PHOTO/FRANK X. MULLEN: A nurse at Renown Regional Medical Center takes information from motorists on line for vaccinations. More than 56% of Washoe County residents have been fully vaccinated against COVID-19 as of July 22.

UPDATE, JULY 28: A renewal of Nevada’s mask mandate goes into effect on Friday, July 30. The CDC lists Washoe County in the “High Transmission” range on its COVID-19 Data Tracker. As of July 28, the county has reported: four Delta variant-related deaths since July 1, all were unvaccinated; 26 hospitalized Delta variant cases, 22 of those cases were not vaccinated and seven were in the Intensive Care Unit; and 100 patients with active Delta cases that have yet to recover.

The latest Washoe County resident to die of the delta variant of the COVID-19 virus was a man in his 30s with no underlying health conditions except one: he was unvaccinated.

As of July 28, three other residents – also unvaccinated — have died as a result of being affected with the Delta form of the contagion. A total of 301 cases of the variant had been reported in the county as of that date; since the beginning of the month new daily cases have tripled, going from 23 to 69 per day.

Washoe County’s experience with the Delta mutation mirrors that of the rest of the state and the nation: 97 percent new COVID-19 cases involve people who had not received vaccinations. The delta variant is “one of the most infectious respiratory diseases ever seen by scientists, according to the Centers for Disease Control and Prevention.

Delta targets unvaccinated people

“Those who have not received a COVID-19 vaccine have the greatest risk of contracting, being hospitalized and dying from COVID-19,” said Kevin Dick, Washoe County district health officer.

 “Those who are choosing not to get vaccinated are contributing greatly to the increase in cases. The State of Nevada and Clark County have both reinstated COVID-19 mitigation measures to curb this recent surge and (Washoe County) might be forced to consider similar actions if these increases continue.” 

— Kevin Dick, health officer at Washoe County Health District.

IMAGE/PIXABAY: COVID-19 mutates into variants of the original virus. The delta form is much more contagious than the original virus.

According to the Nevada Hospital Association, there are 39 hospitalized patients in Washoe County who are confirmed or suspected to have COVID-19, which is up from 22 on June 10. NHA said 64% of licensed hospital beds are occupied in Washoe County.

The state dashboard reports that 56.51% of Washoe County residents 12 years and older have received the reccomended two shots of a COVID-19 vaccine. Fully- vaccinated persons no longer have to quarantine if exposed to an infectious case and remain symptom free. Those who are unvaccinated must quarantine if exposed.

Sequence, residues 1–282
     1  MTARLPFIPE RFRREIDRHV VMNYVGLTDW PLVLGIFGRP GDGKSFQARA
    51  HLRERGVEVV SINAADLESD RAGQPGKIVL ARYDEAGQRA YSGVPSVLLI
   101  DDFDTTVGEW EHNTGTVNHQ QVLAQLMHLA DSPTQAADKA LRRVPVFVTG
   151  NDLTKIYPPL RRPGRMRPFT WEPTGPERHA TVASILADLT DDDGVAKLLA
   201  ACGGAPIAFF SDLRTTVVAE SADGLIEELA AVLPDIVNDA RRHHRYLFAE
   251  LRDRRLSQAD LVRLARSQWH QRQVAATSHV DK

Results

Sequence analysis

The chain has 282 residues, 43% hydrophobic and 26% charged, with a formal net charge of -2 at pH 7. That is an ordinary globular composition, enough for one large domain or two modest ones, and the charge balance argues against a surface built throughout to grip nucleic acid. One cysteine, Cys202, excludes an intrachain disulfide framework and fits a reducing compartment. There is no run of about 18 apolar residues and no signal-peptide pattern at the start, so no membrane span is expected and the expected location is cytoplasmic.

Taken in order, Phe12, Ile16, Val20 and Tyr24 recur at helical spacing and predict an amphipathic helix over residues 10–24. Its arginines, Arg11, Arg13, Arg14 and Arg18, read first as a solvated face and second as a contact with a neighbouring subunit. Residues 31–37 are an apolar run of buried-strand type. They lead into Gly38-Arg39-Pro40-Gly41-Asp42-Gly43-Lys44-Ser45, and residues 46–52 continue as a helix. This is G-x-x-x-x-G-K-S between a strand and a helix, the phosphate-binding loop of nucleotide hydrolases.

Vaccines not 100% effective

Dick noted that the COVID-19 vaccines are safe and effective for protection against COVID-19. “However, vaccinated individuals should be aware that no vaccine is 100% effective,” he said. “COVID-19 transmission is occurring at substantial levels in Washoe County and there remains a risk that vaccinated individuals can be infected if they are exposed to others with the disease.”

While the chances of being infected are much lower than if an individual is not vaccinated, the risk of infection is multiplied if individuals have multiple exposures through their activities, Dick said. Overall, the risk of hospitalization or death for vaccinated individuals is “extremely low even if they do become infected,” according to Dick.

Washoe County officials urged residents older than 12 to get vaccinated as soon as possible, and to consider information from reliable sources when making the decision to be vaccinated. Vaccinations are readily available and provided free of charge regardless of insurance or immigration status.  

Immunization clinics offered 

The COVID-19 vaccine is being offered every Monday, Wednesday and Friday at the Reno-Sparks Livestock Events Center from 8:30-11:30 a.m. Walk-ins are welcome, but appointments are recommended. Appointments may be made online. Community “pop-up” vaccine clinics also are scheduled. Local pharmacies and grocery stores are offering the vaccine as well and a vaccine site locator and schedules also are available on the Web.

Dick said those who are showing symptoms of COVID-19 should stay home, isolate from others, and get a COVID-19 test with the Health District. A self-assessment and testing information is available here.

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